Research Lines


Ancient bones and teeth are often all that remain of once-living people and animals, yet these scant remains can yield precious information, which we recover using macroscopic and microscopic observations. ArchaeoBiomics specialises in reconstructing human biographies, by studying the biological profile, life history, physical activity, occupation, diet, social status and pathological conditions of individuals. Animals have had fundamental socio-economic roles throughout human history, so we also attempt to examine the nuanced relationships that have always existed between people and animals.

Biomolecular Archaeology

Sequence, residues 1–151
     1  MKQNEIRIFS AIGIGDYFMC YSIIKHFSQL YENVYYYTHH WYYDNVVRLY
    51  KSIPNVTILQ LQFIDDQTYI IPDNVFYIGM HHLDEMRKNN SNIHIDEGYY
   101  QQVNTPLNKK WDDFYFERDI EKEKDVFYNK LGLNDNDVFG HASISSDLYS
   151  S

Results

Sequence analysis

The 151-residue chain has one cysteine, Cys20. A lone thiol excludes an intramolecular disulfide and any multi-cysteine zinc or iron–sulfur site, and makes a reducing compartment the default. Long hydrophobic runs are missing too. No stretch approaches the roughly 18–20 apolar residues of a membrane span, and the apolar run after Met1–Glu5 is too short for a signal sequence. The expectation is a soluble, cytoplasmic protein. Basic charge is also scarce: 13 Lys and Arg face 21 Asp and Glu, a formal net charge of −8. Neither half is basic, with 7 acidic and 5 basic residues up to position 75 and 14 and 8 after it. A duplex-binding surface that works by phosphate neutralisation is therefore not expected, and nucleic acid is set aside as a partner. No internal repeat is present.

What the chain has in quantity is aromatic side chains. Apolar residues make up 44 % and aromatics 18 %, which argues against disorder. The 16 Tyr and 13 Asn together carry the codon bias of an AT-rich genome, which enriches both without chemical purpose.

Ancient biomolecules such as DNA, proteins, lipids, and carbohydrates are increasingly used in archaeological research – providing informative insights into people’s lifeways, what they ate, their daily activities, how they treated illness, and how they conceived and represented their identities in life and death. At ArchaeoBiomics, we specialise in the study of ancient proteins (palaeoproteomics) and lipid residues, developing new methods which allow us to discover new details about the histories of objects, animals, and people.

Heritage Science

Museum collections and other heritage materials have complex biographies, and as such they need to be handled, studied and contextualised using a specific set of approaches, which include for example minimally-invasive analytical methodologies and careful consideration of conservation and restoration strategies. ArchaeoBiomics works with a range of public and private institutions in order to develop integrated methods for the characterisation of heritage materials, their degradation and preservation.